Tropical Storm Dorian forms, heads toward Caribbean; Will another storm soon follow?
Published 7:29 am Sunday, August 25, 2019
Now that we are in late August, this is usually the time the Atlantic hurricane season begins to have some activity. Here’s a little video explaining why this time of year is usually the peak of activity.
As the Atlantic hurricane season enters a “tropical red zone,” a new tropical storm has formed east of the Lesser Antilles, and another depression or tropical storm may soon follow near Florida.
On Saturday afternoon, the system east of the Lesser Antilles was named Tropical Storm Dorian by the National Hurricane Center.
The area being monitored near Florida has been dubbed Invest 98L by the National Hurricane Center. The center of the disturbance was located over the warm waters of the Gulf Stream as of Saturday night.
This image shows both Invest 98L (just off the east coast of Florida) and Tropical Storm Dorian churning in the Atlantic Ocean. (NOAA)
“All interests along the southern Atlantic coast of the United States are encouraged to monitor the progression of 98L and what may become a tropical storm,” AccuWeather Hurricane Expert Dan Kottlowski said of the budding disturbance near Florida.
This satellite image from Saturday evening, Aug. 24, 2019, shows Tropical Storm Dorian tracking through the open waters of the Atlantic. Dorian is expected to track towards the Lesser Antilles by midweek. (NOAA)
“98L is moving into an area conducive for development into a tropical depression or storm as it is in an area with warm water and relatively low vertical wind shear,” AccuWeather Senior Meteorologist Dan Pydynowski said.
It is possible that quick organization and strengthening takes place over the warm waters of the Gulf Stream.
As the feature begins to agitate the ocean, moderate to strong rip currents can develop.
“An uptick in winds and building seas and surf are likely along the Carolina coast to New Jersey during this period, even if the center of the storm remains offshore,” according to AccuWeather Senior Meteorologist Brett Anderson.
“There is the risk of coastal flooding and minor beach erosion, especially at times of high tide,” Anderson said.
Since a front and moisture will remain stalled over the southeastern United States into early week, areas of torrential downpours and flooding can occur even with the system remaining at sea.
At this time, steering winds are likely to keep the center of the storm off the Carolina coast and the mid-Atlantic region as well next week.
However, this track may change.
The exact track over the western Atlantic will be dependent on how quickly the tropical feature strengthens, as well as the position of high pressure in the Northeast and an approaching cool front in the Midwest this week.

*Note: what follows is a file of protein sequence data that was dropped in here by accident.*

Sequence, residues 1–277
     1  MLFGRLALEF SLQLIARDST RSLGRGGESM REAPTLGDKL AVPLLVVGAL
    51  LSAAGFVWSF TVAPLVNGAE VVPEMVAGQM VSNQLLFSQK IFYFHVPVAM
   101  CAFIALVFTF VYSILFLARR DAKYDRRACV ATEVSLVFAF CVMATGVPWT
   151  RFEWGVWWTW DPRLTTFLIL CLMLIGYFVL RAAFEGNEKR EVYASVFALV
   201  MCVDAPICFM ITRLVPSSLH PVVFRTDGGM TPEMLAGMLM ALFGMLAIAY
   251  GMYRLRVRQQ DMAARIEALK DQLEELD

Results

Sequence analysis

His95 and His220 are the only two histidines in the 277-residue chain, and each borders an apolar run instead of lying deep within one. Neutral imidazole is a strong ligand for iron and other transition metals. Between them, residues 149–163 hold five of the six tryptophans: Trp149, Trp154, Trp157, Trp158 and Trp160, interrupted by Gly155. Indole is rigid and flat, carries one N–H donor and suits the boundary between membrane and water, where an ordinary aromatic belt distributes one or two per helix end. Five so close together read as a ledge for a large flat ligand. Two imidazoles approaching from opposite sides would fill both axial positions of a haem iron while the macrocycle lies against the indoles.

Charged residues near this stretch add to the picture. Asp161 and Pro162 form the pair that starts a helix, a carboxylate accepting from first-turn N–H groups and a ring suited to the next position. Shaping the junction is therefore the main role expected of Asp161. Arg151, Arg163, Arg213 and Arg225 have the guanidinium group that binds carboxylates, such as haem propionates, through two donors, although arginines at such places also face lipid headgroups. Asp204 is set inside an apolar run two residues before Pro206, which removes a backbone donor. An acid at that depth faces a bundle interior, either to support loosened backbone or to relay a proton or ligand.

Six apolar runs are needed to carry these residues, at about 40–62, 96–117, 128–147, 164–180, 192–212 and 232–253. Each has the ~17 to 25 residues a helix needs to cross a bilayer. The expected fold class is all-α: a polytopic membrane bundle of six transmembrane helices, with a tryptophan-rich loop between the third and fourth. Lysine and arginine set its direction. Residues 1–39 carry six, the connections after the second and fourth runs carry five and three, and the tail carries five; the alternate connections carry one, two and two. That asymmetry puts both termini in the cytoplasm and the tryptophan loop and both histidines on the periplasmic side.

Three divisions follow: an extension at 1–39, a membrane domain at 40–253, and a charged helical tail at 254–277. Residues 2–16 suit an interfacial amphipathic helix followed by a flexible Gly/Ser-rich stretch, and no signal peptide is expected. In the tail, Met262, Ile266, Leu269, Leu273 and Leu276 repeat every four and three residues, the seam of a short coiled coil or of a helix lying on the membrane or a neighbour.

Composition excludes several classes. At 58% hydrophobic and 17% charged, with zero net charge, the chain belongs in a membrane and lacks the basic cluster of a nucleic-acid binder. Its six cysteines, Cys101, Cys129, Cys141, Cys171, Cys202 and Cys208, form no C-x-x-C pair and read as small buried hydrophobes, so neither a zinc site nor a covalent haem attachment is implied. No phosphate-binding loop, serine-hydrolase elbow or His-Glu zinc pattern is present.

As long as a blocking pattern does not develop, the storm will likely continue to move northeastward and stay at sea. However, should steering winds buckle due to a blocking pattern, the storm could be drawn back to the coast.
At this time, there is a greater chance of a track back toward the coast from Nova Scotia to Newfoundland, Canada, rather than the mid-Atlantic or New England at the end of the week.
Tropical Storm Dorian forms in south-central Atlantic
A tropical wave to the east of the Lesser Antilles that AccuWeather meteorologists have been monitoring for possible development over the past few days became Tropical Depression 5 on Saturday morning. By Saturday afternoon, it was named Tropical Storm Dorian.
The feature is expected to reach the Windward Islands around Tuesday or Wednesday.
This satellite image shows Tropical Depression Five to the east-southeast of the Lesser Antilles on Saturday morning, Aug. 24, 2019. (NOAA)
“Gusty winds and locally heavy rainfall are likely to reach the Leeward Islands Tuesday and Tuesday night,” Pydynowski said.
It is possible that this feature may be a strong tropical storm or perhaps even a hurricane at this point, depending on how much wind shear it encounters.
All interests from Cuba to Hispaniola and Puerto Rico should closely monitor the path of this feature as it crosses the Lesser Antilles and eventually reaches the eastern Caribbean.
Elsewhere over the Atlantic Basin, Chantal, which was once a tropical storm, has dissipated.
As additional tropical waves emerge from Africa, there will be an ongoing risk of development as wind shear, dry air and dust diminish over the Atlantic Basin in the coming weeks.
This is the time of the year when development can occur just about anywhere over the Atlantic, which means well at sea or near the coast of North America.
People should not expect the quietness of June, July and the first part of August to be a reflection on what the balance of the Atlantic hurricane season will bring.
AccuWeather meteorologists anticipate that multiple tropical storms and/or hurricanes to be in progress at the same time in the coming weeks.